The invention thus differed in that the request came from the communication system, i.e. the combination of the server and the communication terminal, and the information was customised for a given selective call transceiver.

According to the invention, the user could retrieve information specific to the selective call transceiver with less user input and less signalling over the network. This increased the system capacity and the battery life of the selective call transceiver.

The objective problem was therefore how to retrieve relevant data without incurring an overhead.

D1 did not disclose or suggest that a request for information originated at the communication system, i.e. at the communication terminal or the server. In Dl, the client device sent the information request (i.e. document request) to the proxy server. Furthermore Dl did not disclose that the information was customised for a given selective call transceiver as claimed in amended claim 1.

Reasons for the Decision

1. The appeal complies with the requirements referred to in Rule 101(1) EPC and is therefore admissible.

2. The application relates to internet access via a mobile wireless device (Figure 1). Essentially, a selective call transceiver 18 (e.g. a mobile wireless device such as a pager) sends a request for information to a server 22 via a communication terminal 20. The server 22 retrieves the information from the "widely distributed information source" 24 (e.g. the World Wide Web) using "agents" (essentially programs for retrieving information according to predefined criteria).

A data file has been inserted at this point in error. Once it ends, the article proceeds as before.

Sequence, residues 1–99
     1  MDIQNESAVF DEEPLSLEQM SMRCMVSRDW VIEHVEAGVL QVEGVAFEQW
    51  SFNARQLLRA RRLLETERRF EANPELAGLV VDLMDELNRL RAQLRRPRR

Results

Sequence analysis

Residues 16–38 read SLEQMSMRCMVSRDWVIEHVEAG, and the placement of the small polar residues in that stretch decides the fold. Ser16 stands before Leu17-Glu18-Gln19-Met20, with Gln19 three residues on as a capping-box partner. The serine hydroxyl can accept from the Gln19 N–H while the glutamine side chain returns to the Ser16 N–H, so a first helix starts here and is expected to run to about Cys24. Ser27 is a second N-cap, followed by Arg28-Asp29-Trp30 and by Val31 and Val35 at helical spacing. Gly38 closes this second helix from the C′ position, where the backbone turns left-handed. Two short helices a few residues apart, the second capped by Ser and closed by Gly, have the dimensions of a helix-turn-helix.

3. It is common ground that D1 is the closest prior art. D1 describes a system for "global mobile computing by proxy" (GloMop), which enables mobile devices to connect to the Internet via a proxy process running on a server (see sections 1.1 and 1.2). Three parts of the disclosure are of particular relevance. Firstly, the proxy services described in section 1.3, that retrieve information ("documents"; page 2, last two lines) and, for example, customise information for a PDA's screen (page 3, first example). This is said at the end of section 1.3 to maximise the client's limited computing and network resources. Secondly, the description of "Agents" in section 2.5. Thirdly, the document-centric request model in section 3.3, whereby the proxy retrieves documents for a client according to criteria including a list of data types that the client is prepared to accept.